CPUs for a Beowulf

Robert G. Brown rgb at phy.duke.edu
Wed Sep 10 14:21:38 EDT 2003


On Wed, 10 Sep 2003, Greg Lindahl wrote:

> > > My first non-small HPC cluster was 64 nodes, and it took 28 hours of
> > > labor to set up, of which only 8 hours was my time
> > 
> > And the first small one?
> > 
> > (I basically wanted to scare people who are just building the very
> > first cluster
> 
> You shouldn't use me as an example, then: that was my first HPC
> cluster, but I had set several groups of systems before which had
> related configs, and worked on clusters up to ~ 130 systems in size
> while working in industry.
> 
> It all depends on what your experience is. If you haven't set up
> any kind of cluster before, you're asking for trouble.

Ya, which returns nicely to the original point.  There are two or three
elements of cluster engineering that can bite you if you've never done
large scale cluster (or LAN) design or management before.  Hardware,
installation and maintenance, and infrastructure might be easy (but
probably incomplete) categories.

  COTS is good, COTS is the point, but reliability becomes increasingly
important as the number of systems scales up and somewhere in there it
is no longer wise to get CHEAP COTS systems, as in lowest-bid vanilla
boxes with no provisions for service.  Hardware maintenance can eat you
alive if you end up with a large batch of flaky hardware, even if you do
have a service deal of some sort as it still costs you all sorts of time
for every failure.

  Clusters eat electricity and excrete it as heat.  Cluster nodes need
safe homes and like to talk.  An eight-node toy cluster can often be set
up "anywhere" and just plugged in to a handy wall receptacle (although
even 8 nodes can make a room pretty hot without enough A/C).  A larger
cluster often requires planning and remodeling, even engineering, of the
space the nodes are to live in.  This can EASILY cost more than the
hardware you put into that space!

  It is easy to use bad methodology to install and maintain a cluster.
Not as easy as it once was -- it is really pretty easy to use GOOD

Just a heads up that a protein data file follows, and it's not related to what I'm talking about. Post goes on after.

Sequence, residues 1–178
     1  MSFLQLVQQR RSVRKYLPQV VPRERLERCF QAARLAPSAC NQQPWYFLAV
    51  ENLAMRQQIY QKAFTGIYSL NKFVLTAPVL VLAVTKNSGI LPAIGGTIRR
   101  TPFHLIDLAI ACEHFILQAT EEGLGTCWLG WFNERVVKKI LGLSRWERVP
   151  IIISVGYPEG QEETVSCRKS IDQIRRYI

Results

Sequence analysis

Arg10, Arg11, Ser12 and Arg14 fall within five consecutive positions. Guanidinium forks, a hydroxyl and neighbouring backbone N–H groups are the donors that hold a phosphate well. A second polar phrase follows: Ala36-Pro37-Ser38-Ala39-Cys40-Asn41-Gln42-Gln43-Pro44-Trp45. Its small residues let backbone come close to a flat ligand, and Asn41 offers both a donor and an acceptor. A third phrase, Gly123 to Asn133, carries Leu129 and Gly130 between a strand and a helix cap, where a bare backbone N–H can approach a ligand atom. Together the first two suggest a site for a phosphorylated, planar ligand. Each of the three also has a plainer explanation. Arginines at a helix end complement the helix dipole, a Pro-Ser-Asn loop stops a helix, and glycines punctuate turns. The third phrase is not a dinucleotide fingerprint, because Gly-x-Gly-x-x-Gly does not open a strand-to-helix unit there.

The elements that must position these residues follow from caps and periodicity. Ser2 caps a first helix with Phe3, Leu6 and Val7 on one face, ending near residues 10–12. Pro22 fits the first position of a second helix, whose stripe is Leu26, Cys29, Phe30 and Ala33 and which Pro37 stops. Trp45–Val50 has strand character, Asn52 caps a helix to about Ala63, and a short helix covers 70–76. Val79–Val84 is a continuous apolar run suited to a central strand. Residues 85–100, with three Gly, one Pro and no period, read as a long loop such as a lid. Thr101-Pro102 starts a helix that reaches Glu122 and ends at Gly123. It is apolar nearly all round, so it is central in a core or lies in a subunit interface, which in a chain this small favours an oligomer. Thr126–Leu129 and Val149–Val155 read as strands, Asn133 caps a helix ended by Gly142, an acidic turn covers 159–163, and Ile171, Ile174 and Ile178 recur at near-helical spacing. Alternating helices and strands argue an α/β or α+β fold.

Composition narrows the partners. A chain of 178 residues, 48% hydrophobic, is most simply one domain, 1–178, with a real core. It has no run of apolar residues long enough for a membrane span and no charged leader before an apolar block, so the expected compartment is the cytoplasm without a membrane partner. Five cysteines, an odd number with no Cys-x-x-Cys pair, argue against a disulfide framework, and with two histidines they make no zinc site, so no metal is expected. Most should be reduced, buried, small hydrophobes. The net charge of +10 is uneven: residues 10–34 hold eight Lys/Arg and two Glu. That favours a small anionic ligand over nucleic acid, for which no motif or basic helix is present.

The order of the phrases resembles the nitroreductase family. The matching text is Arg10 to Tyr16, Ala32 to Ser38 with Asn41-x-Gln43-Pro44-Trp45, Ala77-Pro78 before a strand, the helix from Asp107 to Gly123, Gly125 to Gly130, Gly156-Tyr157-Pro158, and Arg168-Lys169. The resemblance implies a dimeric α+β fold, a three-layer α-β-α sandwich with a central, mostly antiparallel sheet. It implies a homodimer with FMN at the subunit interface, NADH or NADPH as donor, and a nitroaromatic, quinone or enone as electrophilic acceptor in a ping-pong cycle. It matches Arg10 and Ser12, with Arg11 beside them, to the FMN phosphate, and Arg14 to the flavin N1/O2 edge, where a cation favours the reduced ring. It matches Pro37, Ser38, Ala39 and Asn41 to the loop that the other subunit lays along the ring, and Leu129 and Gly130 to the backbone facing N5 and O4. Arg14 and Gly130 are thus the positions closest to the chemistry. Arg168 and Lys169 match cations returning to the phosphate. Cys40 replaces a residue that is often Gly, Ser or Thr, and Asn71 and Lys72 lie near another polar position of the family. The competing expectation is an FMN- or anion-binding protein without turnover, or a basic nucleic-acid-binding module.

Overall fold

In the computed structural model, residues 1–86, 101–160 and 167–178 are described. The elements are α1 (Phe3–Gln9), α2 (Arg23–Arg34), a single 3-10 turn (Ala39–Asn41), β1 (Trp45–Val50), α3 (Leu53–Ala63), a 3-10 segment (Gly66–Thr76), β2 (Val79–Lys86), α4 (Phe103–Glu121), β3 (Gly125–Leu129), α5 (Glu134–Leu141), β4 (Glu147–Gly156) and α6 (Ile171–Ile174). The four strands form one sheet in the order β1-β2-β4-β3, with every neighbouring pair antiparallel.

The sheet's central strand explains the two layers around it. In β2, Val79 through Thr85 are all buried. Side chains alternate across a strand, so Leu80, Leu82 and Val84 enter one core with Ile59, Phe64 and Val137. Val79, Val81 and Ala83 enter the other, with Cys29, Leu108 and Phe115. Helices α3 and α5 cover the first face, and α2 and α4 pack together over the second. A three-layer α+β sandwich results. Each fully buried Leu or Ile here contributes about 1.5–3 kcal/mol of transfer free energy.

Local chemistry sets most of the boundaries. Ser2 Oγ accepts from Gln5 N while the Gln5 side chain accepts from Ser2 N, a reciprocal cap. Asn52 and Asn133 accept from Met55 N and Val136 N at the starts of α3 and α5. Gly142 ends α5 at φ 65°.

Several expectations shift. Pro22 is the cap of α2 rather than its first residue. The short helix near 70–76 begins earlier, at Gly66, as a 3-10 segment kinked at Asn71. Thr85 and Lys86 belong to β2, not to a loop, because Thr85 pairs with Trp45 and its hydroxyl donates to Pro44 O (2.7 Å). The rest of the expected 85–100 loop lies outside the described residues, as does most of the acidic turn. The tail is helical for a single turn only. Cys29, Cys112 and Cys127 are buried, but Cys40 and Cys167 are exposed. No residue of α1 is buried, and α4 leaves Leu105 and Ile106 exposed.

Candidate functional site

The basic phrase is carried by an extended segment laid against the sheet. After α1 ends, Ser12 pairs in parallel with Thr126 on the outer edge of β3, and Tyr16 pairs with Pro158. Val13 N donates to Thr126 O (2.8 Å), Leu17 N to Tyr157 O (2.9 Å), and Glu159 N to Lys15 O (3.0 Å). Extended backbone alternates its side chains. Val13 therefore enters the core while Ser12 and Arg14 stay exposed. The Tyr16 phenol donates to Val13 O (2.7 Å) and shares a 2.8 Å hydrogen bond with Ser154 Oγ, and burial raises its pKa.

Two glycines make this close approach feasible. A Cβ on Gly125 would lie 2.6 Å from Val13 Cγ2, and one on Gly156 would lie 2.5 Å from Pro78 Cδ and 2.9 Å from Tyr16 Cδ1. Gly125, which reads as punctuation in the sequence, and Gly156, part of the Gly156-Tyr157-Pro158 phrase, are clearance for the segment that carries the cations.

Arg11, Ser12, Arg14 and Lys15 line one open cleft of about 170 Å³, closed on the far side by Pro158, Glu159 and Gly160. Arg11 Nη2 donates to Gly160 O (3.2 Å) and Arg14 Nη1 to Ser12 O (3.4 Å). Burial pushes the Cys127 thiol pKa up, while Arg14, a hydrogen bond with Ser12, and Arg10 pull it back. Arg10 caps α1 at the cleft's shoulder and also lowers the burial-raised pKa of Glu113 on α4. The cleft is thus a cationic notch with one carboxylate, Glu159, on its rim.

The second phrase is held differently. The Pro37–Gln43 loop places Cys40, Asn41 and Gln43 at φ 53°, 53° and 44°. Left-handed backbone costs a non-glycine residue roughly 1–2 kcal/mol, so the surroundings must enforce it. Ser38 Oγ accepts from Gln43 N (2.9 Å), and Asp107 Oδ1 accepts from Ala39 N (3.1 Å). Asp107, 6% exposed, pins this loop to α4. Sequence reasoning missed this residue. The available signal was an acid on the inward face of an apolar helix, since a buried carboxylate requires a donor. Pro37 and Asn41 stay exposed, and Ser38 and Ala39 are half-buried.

methodology these days it the (awesome) tools are there and are even
tolerably well-documented -- but if your experience with linux is
installing it off of CD's onto a few systems one at a time, you've got
some learning to do.  If you're really a Unix novice and don't have a
decent grasp of TCP/IP, ethernet (at least), scalable administrative
tools and services such as but not limited to NIS, NFS, and a whole lot
more, you've got a LOT of learning to do.

You, Greg are very much in the expert category -- no, I'd have to go
beyond that to "trans-professional superguru" category -- with a vast
experience in all of the above and then some.  Besides that, you're
pretty smart;-) You should be wearing a special medal or insignia -- the
Royal Order of the 'Wulf or the like:-)

Others (including me if it came to it) sometimes are very good at
figuring out what went wrong -- after the fact -- so it helps for
them/us to proceed cautiously.  Even something like a cheap, non-PXE
fast ethernet NIC vs a more expensive, PXE-supporting NIC may not seem
important (and hey, going COTS cheap saves you MONEY, right?), until you
find yourself carrying a floppy around to 64 systems to install them one
at a time, or have a two-post rack collapse because it isn't adequately
anchored.

   rgb

Robert G. Brown	                       http://www.phy.duke.edu/~rgb/
Duke University Dept. of Physics, Box 90305
Durham, N.C. 27708-0305
Phone: 1-919-660-2567  Fax: 919-660-2525     email:rgb at phy.duke.edu



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